“I was noticing things with my child... nobody clocked that it could possibly be autism…We didn't get to autism until after the third mental health hospitalization because my child was experiencing suicidal ideation to point where they made a plan [to take their life].” – Local parent

Burnout among health care providers
“Behavioral health providers leave the field due to stressful work environments, heavy workloads, limited support, and low pay, with few opportunities for on-the-job training and growth,” the report says. The trend is aggravating already long wait times to see specialists.

“Who's going to really take the time to get to know me and really help me and not just pass me around? A lot of times I know that people in that field is overworked as well, so they're just sifting through people and not really taking time to get to know them as a person.” – E., African-American female, 18+

It’s a nationwide problem that cuts across all demographic lines of race, income, and gender. But it’s aggravated by poverty and race.

“I see a lot of pain daily,” says Terana Boyd, who directs programming at the West End neighborhood center. “I see a lot of trauma. When our youth come in, most of them are tired. That can be from the home situation, to stress in school situations,” she says.

Terana Boyd
A lack of stable housing, abuse or neglect at home, and increasingly, gun violence close to home cause trauma that can leave emotional and psychological scars. In Cincinnati, shootings involving juveniles increased 36% just from 2022 to 2023, according to a Cincinnati Police report quoted in the study. Shootings in which a juvenile was a victim increased 66% during that time.

“You're at this age where your friends are dealing with guns and you're attending your friend's funeral,” Boyd says. “How do you think that continues to play on your mental health? Then you're going home, you're watching your mom struggle. You might not even have a home, so you're going to someone else's place. It’s a cycle and when does it end?”

“Some neighborhoods can be rough. If it was a safe community and less violence and stuff like that, I just feel like people should be out there having great communication with their community. Once upon a time everybody was getting along in their little neighborhood, and everybody knew each other.” –Z., African American female, 18

Youth in rural communities and the suburbs also feel the weight of a world with issues magnified by social media and the dark corners of the internet. “Our local data tells us that students are reporting that they're anxious, they're nervous, they're sad, they're depressed,” says Talawanda Schools’ Macechko, who runs a program supported by a community coalition in the Butler County district.

The prevalence of social media has magnified the problem. “While there are some positive aspects to social media and the tech age that we're in now … I believe that it’s aggravating it,” Macechko says. “The need to compare yourself to others that you see on social media, the desire to have your posts liked … that definitely is affecting the mental health of our students.”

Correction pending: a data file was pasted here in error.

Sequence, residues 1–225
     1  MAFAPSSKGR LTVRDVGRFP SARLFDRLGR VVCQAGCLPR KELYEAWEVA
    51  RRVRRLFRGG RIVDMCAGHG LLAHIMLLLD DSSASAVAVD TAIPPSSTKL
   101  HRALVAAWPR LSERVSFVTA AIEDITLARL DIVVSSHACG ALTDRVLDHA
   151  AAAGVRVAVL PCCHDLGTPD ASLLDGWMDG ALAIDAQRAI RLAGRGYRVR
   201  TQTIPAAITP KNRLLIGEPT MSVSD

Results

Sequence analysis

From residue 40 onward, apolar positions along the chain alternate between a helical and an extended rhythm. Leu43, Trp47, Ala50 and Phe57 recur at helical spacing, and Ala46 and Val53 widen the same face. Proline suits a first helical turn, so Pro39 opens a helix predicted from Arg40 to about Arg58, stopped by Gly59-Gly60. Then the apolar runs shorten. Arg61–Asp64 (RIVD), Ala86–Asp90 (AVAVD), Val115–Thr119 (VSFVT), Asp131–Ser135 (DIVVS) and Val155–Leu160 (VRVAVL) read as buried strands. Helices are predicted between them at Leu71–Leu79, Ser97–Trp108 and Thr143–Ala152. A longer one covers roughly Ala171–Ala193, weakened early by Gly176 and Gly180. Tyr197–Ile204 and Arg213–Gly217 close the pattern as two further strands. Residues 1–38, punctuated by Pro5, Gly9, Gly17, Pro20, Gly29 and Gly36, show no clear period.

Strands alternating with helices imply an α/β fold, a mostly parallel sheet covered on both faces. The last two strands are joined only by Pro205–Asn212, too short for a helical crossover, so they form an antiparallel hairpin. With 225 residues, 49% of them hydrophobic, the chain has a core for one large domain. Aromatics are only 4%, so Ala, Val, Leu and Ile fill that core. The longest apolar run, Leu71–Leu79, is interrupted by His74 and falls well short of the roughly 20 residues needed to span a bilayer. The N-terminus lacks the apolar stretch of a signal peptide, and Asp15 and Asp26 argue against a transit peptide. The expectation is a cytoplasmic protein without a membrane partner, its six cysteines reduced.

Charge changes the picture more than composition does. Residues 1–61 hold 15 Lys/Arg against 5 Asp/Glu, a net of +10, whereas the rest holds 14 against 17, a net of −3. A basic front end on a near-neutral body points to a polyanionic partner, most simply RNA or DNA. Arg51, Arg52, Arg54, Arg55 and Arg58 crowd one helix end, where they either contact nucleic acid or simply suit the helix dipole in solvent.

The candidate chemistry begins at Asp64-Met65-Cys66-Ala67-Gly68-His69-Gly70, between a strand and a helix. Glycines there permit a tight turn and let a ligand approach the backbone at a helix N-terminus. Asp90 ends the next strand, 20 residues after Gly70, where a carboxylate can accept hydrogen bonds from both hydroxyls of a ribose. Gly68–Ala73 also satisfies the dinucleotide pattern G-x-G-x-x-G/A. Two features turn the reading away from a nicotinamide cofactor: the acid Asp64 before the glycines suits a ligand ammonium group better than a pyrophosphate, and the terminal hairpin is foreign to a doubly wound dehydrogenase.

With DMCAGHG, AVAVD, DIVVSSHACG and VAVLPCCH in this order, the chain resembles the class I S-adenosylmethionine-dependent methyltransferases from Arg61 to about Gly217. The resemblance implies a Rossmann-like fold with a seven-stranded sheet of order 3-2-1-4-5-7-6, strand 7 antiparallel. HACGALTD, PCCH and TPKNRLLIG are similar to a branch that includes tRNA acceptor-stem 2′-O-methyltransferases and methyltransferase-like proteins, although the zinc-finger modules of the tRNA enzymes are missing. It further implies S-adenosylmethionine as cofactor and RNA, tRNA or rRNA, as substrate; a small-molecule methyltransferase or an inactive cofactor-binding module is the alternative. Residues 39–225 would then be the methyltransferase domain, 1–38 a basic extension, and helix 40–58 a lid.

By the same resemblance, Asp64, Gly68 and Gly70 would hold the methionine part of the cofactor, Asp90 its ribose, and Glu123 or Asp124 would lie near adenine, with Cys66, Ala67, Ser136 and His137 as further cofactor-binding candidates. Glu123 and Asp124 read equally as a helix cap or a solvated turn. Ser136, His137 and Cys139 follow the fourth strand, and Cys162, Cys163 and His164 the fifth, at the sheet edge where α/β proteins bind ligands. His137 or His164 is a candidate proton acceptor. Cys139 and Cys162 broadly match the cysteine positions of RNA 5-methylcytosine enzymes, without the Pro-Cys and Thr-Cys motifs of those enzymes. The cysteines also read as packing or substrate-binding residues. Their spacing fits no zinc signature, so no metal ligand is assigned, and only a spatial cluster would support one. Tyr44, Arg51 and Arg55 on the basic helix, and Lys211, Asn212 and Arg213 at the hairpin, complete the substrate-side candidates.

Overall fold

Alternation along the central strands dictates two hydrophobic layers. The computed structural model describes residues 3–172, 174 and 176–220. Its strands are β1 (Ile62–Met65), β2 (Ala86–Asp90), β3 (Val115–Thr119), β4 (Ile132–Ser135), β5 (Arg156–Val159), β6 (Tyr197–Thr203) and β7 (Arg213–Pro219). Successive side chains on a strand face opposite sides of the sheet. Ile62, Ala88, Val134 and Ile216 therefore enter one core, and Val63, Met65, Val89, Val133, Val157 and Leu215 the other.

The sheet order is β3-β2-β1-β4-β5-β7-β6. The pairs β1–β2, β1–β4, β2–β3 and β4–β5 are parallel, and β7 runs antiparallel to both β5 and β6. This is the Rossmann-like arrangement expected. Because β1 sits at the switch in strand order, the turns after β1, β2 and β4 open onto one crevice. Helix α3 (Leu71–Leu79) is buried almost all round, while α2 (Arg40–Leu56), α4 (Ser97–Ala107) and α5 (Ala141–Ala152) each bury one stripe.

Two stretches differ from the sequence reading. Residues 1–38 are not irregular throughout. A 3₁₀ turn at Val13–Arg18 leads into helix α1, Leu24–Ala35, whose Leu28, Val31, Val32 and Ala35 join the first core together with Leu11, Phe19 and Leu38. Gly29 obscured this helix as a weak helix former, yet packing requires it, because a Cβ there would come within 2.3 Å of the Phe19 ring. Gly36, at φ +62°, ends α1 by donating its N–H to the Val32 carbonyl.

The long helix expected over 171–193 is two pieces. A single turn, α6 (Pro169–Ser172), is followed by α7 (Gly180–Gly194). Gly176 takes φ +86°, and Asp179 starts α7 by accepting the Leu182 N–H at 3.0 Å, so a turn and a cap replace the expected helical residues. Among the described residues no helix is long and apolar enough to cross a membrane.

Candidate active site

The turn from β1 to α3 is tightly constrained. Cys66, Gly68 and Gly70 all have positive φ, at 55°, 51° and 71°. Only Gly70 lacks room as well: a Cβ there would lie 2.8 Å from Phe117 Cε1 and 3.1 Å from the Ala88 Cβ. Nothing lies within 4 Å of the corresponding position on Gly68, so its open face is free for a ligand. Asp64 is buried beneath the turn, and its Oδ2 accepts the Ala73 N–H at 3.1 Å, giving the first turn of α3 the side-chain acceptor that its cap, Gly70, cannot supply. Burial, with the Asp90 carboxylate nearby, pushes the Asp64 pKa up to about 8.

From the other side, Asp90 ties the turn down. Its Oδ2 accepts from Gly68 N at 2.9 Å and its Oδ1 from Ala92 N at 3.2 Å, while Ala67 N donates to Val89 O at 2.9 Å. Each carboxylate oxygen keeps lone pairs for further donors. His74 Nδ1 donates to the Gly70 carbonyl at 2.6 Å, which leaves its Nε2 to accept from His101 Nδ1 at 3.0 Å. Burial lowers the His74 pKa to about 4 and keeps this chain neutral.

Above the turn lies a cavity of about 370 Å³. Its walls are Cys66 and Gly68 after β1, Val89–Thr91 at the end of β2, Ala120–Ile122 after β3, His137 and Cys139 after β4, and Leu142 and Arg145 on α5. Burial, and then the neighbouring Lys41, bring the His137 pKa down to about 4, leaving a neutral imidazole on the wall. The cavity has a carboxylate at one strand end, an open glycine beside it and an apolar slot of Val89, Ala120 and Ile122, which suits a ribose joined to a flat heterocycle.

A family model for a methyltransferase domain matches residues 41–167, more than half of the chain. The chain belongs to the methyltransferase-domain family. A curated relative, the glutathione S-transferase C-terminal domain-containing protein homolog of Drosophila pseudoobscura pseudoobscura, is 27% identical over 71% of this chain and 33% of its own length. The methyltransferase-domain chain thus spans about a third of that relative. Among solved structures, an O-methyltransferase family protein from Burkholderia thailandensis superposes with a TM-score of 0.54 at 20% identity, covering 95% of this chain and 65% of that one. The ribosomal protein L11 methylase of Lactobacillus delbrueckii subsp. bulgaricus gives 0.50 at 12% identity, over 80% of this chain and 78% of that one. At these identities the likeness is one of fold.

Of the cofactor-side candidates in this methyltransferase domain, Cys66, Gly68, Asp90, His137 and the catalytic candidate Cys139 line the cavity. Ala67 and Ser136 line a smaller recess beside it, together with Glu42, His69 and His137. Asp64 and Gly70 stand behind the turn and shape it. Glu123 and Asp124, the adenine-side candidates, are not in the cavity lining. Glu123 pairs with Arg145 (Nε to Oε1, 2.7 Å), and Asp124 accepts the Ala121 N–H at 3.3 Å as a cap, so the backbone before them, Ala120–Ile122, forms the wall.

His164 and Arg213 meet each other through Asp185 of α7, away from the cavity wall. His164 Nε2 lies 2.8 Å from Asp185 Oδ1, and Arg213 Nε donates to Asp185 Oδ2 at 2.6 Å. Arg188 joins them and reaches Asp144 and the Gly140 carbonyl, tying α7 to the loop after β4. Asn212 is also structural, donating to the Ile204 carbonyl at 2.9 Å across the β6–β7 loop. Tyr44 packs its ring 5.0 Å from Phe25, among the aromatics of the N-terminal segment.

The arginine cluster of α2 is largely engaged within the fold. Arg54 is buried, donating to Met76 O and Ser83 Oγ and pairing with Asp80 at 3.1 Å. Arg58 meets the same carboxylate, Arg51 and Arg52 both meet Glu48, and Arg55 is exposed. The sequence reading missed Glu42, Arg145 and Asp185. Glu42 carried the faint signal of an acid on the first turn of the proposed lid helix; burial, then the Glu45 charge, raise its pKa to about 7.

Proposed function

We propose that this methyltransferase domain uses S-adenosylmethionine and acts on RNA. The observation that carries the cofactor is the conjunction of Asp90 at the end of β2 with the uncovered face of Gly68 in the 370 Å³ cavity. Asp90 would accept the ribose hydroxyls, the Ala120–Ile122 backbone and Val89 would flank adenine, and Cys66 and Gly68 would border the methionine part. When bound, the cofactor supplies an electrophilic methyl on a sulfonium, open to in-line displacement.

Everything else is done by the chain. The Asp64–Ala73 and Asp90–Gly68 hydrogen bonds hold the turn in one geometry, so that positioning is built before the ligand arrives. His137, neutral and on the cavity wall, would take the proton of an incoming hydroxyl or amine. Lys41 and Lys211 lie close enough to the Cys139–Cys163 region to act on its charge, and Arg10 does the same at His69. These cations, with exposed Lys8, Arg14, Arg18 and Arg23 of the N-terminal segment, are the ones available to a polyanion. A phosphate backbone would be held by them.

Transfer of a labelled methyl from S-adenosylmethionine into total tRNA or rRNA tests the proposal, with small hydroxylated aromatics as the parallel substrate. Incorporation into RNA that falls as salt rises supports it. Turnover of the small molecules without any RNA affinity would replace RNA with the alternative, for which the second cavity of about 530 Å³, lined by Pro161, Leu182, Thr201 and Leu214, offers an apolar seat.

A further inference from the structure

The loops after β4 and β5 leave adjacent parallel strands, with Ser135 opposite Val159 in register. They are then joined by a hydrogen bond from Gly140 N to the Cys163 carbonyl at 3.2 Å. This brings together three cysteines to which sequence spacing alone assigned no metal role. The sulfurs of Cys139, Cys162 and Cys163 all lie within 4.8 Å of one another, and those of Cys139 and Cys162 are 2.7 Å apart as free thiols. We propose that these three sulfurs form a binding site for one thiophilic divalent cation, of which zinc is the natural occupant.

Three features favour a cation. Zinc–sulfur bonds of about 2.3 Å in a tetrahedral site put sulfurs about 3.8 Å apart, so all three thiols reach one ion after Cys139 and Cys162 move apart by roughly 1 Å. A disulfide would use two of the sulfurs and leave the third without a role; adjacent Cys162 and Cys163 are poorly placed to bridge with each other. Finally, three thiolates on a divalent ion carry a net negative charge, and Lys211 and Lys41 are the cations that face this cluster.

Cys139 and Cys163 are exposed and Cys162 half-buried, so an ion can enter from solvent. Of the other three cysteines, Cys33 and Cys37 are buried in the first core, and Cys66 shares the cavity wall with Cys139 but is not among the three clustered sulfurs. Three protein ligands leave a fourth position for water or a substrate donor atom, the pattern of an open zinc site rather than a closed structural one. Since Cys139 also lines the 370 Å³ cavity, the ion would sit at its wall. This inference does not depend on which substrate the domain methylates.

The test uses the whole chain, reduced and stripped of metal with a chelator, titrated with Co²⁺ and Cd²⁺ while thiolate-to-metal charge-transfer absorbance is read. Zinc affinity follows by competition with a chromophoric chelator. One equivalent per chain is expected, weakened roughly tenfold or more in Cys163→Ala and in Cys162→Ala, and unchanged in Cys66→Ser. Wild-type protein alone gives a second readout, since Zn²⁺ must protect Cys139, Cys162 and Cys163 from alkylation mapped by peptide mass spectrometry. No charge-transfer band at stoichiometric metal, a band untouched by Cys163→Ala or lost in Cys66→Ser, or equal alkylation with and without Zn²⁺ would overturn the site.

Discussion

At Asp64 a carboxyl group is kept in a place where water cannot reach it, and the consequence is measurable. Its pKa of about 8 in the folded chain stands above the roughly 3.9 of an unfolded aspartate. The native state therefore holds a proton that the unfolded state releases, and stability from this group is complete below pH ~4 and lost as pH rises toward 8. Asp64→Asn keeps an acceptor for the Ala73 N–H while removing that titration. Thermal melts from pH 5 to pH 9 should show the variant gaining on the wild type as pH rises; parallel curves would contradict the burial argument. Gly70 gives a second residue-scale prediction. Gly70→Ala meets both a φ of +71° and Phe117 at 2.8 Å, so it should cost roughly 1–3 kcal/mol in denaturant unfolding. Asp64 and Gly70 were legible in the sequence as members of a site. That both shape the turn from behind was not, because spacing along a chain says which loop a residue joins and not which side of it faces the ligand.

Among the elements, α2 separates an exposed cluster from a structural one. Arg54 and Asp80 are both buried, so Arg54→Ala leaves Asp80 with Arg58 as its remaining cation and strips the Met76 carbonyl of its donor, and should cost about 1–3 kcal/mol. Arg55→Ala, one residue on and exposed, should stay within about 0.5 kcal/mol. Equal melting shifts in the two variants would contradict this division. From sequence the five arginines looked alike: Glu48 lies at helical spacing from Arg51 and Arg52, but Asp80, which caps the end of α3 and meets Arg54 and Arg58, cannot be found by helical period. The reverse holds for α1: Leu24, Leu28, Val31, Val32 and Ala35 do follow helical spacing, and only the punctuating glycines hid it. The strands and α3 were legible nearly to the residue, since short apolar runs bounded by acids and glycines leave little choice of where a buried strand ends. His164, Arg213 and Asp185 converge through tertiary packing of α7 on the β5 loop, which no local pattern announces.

Amy Macechko
Terabytes of information, images, and video are available on the internet, much of it negative. “There’s so much access to information, whether it's substance-use trends or self-harm,” she says.  “A student alone in a room seeing that, that's a lot to process for a young, developing brain.”

Bullying, which has been a problem in schools forever, can now happen around the clock thanks to the ubiquitousness of personal phones, and can be amplified by the algorithms of social media providers.

“Some rumors started and me and my friend both kind of experienced cancel culture… We were receiving death threats… Being on the other side of [the rumor] was definitely a different perspective and difficult to go through.” – A., white female, under age 15

The community assessment is a first step that brought together multiple organizations and people working in the mental health arena. “There’s been groundswell in terms of bringing people together in the community to say, ‘Yes, we want to improve youth mental health, and we all need to get on the same page and get rowing in the same direction,’” Miller says.

It’s meant to provide an agreed-upon base of information that the organizations are using to create a comprehensive plan to work on the problem. Organizers say they expect to release that plan this summer.

“This assessment phase is meant to get us all on the same page about what are we dealing with, and do it in a way that really is based on what young people are telling us,” Meyer says.

What results should be more than a temporary fix.It's actually trying to build a comprehensive mental health system for youth,” Dr. Sampang says. “From a parent, neighborhood, and community level, it's engaging with youth individually, making sure to connect with them, having conversations about their mental and emotional well-being, and intervening early.”

The Amplifying Youth Voices series is made possible with support from Interact for HealthTo learn more about Interact for Health's commitment to mental health and well-being, please visit here. 

Enjoy this story? Sign up for free solutions-based reporting in your inbox each week.

Read more articles by David Holthaus.

David Holthaus is an award-winning journalist and a Cincinnati native. When not writing or editing, he's likely to be bicycling, hiking, reading, or watching classic movies.